Since the Retail Distribution Review in 2013, clients in the UK have had a greater understanding of the fees they pay for financial advice. Thankfully all independent advisers are now fee-based, as Cavendish has been since inception, meaning what you pay for financial guidance is clear and transparent.
This move has led to a pronounced emphasis on the value of a good adviser but can clients be sure that their financial mentor is worth what they pay?
Low-cost asset management company Vanguard produced a study into what it terms ‘Adviser Alpha’ – defined as the difference between the return that investors might achieve with guidance and the return that the might achieve by ‘going-it-alone’.
The research set out seven key areas where advisers can add value such as wealth management and financial planning which you would expect, together with one which you might not, behavioural coaching. The calculations report that the support of an adviser gives clients an extra 3 per cent return each year.
Behaviour coaching is more important than ever. Remaining disciplined at times of market volatility can be easier than it sounds. Few investors can stay calm when the market noise is at its loudest – they may chop and change investment strategy, trade shares in online accounts, chase hot funds or star managers or time their entry / exit into markets badly.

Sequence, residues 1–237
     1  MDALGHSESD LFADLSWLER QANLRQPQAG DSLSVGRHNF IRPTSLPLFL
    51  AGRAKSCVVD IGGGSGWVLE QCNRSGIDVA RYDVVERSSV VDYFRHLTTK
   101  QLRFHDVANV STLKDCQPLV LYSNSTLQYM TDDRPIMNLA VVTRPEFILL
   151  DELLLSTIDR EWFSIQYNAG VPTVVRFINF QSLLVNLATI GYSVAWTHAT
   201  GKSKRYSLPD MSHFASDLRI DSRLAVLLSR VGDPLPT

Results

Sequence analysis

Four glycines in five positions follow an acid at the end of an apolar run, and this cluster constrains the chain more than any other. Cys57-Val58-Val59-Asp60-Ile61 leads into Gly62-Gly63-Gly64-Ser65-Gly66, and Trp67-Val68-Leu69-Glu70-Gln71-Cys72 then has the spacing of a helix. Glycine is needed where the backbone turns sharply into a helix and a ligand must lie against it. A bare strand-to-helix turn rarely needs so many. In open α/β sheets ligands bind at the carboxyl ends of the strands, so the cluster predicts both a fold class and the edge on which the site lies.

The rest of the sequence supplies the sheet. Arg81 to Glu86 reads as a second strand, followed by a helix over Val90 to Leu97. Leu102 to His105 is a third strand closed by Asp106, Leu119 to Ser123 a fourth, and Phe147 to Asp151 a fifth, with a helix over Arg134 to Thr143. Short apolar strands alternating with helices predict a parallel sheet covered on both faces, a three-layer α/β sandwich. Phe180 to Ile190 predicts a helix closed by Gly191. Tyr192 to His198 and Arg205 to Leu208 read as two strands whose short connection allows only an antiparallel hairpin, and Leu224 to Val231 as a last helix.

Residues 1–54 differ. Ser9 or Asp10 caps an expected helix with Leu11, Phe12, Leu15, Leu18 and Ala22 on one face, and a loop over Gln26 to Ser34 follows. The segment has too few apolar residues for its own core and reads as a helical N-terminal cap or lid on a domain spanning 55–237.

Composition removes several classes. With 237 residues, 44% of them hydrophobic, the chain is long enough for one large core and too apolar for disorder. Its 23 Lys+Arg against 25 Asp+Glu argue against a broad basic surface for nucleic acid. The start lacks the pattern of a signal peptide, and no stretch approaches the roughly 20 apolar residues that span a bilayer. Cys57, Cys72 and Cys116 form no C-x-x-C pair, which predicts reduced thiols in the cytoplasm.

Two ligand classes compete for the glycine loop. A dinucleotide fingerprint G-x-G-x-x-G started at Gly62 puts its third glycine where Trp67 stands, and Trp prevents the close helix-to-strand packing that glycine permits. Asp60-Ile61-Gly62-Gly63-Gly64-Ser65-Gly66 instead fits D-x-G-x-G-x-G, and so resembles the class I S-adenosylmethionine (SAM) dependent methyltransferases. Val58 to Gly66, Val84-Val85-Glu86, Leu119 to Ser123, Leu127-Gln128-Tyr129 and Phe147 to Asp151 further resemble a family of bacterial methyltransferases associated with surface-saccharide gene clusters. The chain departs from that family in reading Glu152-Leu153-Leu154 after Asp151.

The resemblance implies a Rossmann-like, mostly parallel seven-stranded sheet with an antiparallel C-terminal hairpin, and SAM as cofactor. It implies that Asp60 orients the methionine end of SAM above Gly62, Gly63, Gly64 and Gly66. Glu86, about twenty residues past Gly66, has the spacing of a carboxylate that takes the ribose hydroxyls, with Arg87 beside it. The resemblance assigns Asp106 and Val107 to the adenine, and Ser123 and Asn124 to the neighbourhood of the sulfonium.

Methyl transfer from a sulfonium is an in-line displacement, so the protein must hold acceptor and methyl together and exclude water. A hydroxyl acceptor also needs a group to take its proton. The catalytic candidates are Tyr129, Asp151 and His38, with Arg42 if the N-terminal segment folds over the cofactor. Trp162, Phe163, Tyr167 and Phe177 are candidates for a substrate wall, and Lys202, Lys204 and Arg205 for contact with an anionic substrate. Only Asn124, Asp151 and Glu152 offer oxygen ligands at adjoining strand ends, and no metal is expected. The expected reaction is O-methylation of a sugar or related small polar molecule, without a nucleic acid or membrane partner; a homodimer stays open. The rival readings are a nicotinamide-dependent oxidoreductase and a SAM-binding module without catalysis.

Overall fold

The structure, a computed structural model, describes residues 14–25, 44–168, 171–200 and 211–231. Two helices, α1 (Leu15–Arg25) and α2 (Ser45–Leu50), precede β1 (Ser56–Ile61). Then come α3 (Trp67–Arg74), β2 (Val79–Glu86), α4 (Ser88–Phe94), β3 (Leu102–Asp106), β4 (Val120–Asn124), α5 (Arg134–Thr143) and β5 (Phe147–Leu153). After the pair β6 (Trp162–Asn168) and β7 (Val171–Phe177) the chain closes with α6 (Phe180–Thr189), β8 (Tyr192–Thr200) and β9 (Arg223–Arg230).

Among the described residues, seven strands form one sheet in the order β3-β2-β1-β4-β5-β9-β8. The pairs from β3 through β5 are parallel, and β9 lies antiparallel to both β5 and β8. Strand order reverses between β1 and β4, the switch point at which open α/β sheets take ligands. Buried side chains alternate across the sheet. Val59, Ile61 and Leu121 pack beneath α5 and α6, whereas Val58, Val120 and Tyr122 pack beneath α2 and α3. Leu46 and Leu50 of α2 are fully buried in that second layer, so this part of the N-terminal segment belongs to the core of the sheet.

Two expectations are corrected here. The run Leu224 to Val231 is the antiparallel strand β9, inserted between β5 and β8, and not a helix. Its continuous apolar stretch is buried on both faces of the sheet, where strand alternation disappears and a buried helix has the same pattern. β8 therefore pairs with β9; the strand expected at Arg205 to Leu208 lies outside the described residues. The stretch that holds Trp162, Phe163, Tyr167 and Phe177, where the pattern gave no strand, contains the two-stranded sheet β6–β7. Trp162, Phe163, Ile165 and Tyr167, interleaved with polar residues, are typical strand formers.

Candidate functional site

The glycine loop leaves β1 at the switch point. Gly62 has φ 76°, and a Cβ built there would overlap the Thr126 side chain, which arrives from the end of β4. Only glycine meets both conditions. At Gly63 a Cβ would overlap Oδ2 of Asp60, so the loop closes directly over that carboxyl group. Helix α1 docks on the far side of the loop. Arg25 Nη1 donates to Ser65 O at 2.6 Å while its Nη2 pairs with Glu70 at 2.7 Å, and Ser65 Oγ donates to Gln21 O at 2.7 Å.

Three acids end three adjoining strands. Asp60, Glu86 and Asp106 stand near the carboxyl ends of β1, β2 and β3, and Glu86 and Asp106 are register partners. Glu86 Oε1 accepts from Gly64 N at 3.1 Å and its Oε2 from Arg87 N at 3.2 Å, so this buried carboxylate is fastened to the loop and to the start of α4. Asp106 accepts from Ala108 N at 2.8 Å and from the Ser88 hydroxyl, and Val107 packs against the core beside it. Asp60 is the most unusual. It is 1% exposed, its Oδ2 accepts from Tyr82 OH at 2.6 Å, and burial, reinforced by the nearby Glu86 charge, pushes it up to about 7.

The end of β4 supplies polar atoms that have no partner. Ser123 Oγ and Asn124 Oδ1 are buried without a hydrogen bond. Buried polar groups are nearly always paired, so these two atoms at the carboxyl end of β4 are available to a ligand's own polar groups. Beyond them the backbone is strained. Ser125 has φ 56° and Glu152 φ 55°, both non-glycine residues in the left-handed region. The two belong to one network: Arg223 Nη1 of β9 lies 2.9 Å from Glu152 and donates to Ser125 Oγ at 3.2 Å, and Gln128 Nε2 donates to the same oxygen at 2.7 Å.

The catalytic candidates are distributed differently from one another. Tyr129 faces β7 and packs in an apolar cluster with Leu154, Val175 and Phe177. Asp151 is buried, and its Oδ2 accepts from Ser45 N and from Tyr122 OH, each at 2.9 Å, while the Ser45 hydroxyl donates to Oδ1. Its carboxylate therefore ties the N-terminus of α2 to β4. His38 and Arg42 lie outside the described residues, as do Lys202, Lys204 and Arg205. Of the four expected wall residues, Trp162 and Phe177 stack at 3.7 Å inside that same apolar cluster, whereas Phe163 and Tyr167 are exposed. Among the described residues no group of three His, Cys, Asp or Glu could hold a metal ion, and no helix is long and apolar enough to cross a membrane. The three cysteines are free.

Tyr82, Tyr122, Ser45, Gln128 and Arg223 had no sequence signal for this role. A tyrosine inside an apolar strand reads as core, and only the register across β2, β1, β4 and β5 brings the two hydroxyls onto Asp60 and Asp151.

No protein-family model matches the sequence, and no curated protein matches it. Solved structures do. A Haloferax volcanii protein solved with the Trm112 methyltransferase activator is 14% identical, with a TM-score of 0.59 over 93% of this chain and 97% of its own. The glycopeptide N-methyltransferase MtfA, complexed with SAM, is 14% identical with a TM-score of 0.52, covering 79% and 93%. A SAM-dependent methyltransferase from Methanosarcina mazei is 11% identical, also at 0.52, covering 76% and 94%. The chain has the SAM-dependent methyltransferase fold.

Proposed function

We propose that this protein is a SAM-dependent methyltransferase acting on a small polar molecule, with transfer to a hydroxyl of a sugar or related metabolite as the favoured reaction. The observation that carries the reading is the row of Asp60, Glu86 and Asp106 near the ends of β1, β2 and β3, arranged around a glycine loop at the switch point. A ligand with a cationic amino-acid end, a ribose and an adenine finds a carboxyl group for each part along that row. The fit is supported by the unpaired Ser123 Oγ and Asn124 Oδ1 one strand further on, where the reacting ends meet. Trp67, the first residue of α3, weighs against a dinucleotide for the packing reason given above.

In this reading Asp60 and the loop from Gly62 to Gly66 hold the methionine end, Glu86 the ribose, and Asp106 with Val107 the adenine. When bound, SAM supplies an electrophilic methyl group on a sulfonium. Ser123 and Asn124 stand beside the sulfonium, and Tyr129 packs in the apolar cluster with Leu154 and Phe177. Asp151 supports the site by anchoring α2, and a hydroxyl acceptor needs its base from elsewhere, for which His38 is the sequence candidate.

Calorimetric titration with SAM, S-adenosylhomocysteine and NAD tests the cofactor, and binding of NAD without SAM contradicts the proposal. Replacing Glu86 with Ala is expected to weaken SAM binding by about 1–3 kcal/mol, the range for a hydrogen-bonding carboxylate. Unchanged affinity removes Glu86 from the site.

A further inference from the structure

As investment guru Benjamin Graham famously stated: ‘The investor’s chief problem – and even his worst enemy – is likely to be himself.’
The term ‘behavior gap’ was created by American adviser Carl Richards to describe the gap between the higher returns investors could earn and the lower returns they actually earned. He reasons that investors earn lower returns not because of the investments they choose, but because of their own behaviour of buying and selling at the wrong time and making poor decisions about those investments.
Although each investor is different, human nature means that most of us will display emotionally-led behaviour while investing. Becoming an effective ‘behavioural coach’, helping investors to avoid knee-jerk reactions and to maintain a long-term perspective, is one of the key components of my job and something which I’ve seen pay considerable dividends.